Obama To Boehner: We’ll Negotiate Once Shutdown Ends And Debt Limit Is Raised

AP

President Barack Obama placed a call to House Speaker John Boehner (R-OH) on Tuesday to urge a vote on a “clean” government funding bill that would end the shutdown, according to a White House readout of the conversation.

Boehner has argued that such a bill could not pass the House unless it includes other reforms, despite media reports to the contrary.

The White House also said that Obama told the speaker that he is “willing to negotiate with Republicans — after the threat of government shutdown and default have been removed – over policies that Republicans think would strengthen the country.” Boehner’s spokesman Brendan Buck characterized the call slightly differently.

“The president called the speaker again today to reiterate that he won’t negotiate on a government funding bill or debt limit increase,” Buck said in a statement.

Here’s the White House readout of the call:

Late this morning, the President telephoned Speaker John Boehner from the Oval Office and repeated what he told him when they met at the White House last week: the President is willing to negotiate with Republicans — after the threat of government shutdown and default have been removed – over policies that Republicans think would strengthen the country. The President also repeated his willingness to negotiate on priorities that he has identified including policies that expand economic opportunity, support private sector job creation, enhance the competitiveness of American businesses, strengthen the Affordable Care Act and continue to reduce the nation’s deficit.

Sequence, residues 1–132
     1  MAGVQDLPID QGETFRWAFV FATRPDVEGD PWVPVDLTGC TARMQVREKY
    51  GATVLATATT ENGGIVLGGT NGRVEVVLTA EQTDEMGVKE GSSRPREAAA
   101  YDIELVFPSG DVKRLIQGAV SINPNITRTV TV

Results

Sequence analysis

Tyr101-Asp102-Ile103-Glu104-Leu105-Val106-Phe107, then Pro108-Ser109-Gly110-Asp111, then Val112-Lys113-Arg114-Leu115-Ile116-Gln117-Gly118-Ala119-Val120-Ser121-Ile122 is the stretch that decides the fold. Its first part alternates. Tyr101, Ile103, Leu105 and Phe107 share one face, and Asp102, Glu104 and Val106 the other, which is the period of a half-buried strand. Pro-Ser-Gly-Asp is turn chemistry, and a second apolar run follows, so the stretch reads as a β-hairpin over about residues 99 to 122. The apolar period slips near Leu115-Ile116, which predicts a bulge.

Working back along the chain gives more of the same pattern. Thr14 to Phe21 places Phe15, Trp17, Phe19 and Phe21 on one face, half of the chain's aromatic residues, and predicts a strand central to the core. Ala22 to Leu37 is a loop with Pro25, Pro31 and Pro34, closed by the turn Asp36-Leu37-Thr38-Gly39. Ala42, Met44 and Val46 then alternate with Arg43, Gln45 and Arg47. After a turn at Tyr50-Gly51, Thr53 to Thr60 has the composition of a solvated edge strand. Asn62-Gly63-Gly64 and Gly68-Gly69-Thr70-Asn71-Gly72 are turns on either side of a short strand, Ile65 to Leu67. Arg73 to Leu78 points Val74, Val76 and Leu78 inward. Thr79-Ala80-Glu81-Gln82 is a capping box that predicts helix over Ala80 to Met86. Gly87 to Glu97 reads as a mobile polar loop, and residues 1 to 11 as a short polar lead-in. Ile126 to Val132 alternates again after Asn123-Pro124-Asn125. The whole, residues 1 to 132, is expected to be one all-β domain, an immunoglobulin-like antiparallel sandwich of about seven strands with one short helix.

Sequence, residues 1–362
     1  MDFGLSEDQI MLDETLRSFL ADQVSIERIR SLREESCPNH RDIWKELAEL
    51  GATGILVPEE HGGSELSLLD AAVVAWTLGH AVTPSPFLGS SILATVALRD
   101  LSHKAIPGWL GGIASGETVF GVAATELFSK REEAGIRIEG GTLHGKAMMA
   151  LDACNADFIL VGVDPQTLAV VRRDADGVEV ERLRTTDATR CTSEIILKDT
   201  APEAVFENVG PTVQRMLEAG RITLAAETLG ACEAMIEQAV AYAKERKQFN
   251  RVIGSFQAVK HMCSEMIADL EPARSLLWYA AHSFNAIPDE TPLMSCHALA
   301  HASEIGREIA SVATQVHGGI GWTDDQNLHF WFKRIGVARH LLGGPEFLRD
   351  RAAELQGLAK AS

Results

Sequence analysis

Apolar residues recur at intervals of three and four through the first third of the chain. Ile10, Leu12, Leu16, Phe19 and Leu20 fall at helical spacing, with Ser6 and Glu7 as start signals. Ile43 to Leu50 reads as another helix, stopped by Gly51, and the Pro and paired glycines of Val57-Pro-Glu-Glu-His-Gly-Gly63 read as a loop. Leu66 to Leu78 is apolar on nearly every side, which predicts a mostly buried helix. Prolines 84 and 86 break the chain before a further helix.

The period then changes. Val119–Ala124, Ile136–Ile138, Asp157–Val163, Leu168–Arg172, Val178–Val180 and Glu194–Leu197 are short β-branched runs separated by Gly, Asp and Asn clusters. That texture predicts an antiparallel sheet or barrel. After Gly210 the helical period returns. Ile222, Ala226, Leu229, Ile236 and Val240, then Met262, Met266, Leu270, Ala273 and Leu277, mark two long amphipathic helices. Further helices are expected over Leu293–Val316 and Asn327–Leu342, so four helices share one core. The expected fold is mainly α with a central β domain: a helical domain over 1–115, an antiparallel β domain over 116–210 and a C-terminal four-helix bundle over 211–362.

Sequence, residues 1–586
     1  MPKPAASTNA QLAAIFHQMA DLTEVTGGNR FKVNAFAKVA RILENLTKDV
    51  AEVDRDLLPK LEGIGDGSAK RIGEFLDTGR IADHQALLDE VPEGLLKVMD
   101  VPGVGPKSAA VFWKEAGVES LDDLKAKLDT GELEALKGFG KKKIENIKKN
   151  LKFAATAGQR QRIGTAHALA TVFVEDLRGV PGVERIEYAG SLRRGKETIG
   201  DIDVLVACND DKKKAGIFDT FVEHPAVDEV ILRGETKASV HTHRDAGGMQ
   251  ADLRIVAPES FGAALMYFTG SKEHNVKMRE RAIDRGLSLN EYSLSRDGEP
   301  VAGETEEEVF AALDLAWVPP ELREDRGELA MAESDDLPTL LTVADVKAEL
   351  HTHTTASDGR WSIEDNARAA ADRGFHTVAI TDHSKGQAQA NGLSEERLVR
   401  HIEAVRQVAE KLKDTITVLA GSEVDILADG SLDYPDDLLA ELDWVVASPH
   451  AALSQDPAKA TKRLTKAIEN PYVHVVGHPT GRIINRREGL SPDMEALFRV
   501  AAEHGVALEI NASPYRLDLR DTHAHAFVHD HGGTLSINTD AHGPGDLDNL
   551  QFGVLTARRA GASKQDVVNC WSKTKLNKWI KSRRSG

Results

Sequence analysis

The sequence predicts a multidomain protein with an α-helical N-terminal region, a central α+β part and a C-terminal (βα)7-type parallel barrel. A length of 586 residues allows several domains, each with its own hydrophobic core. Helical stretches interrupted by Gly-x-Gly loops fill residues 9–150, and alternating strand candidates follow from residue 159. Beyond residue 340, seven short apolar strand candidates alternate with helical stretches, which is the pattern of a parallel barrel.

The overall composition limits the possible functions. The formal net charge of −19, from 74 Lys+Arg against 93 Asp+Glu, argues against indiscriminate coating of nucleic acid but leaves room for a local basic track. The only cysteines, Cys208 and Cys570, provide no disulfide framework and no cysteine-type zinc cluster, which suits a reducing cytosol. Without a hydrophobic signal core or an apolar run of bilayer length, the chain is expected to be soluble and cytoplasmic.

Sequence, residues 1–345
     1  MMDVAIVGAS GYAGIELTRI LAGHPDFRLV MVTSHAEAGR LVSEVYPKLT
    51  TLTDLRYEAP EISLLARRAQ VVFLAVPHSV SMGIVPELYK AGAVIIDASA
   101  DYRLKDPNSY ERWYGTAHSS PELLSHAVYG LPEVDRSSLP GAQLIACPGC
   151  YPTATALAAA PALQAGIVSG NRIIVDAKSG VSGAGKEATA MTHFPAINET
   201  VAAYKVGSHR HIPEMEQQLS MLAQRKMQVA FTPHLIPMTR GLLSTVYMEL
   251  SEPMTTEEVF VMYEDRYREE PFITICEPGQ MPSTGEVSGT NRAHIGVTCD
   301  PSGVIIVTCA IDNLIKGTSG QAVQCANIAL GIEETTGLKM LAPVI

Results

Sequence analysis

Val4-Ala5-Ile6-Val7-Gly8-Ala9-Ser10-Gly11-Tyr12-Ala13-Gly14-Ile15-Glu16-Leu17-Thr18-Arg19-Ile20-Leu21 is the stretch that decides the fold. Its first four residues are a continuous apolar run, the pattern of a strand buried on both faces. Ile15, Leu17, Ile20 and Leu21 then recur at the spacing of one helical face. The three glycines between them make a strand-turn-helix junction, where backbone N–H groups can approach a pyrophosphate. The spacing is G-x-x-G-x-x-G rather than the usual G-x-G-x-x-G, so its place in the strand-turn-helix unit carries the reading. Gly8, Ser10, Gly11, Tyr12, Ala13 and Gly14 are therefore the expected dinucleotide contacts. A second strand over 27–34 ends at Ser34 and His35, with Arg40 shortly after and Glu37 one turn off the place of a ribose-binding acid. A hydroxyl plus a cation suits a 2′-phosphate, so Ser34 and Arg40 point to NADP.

The President urged the Speaker to hold a vote in the House of Representatives on the Senate-passed measure that would re-open the federal government immediately. Citing the Senate’s intention to pass a clean, yearlong extension of the debt limit this week, the President also pressed the Speaker to allow a timely up-or-down vote in the House to raise the debt limit with no ideological strings attached. He noted that only Congress has the authority to raise the debt limit and failure to do so would have grave consequences for middle class families and the American economy as a whole.

 

ABOUT THE AUTHOR

Tom Kludt is a reporter for Talking Points Memo based in New York City, covering media and national affairs. Originally from South Dakota, Tom joined TPM as an intern in late-2011 and became a staff member during the 2012 election. He can be reached at tom@talkingpointsmemo.com.
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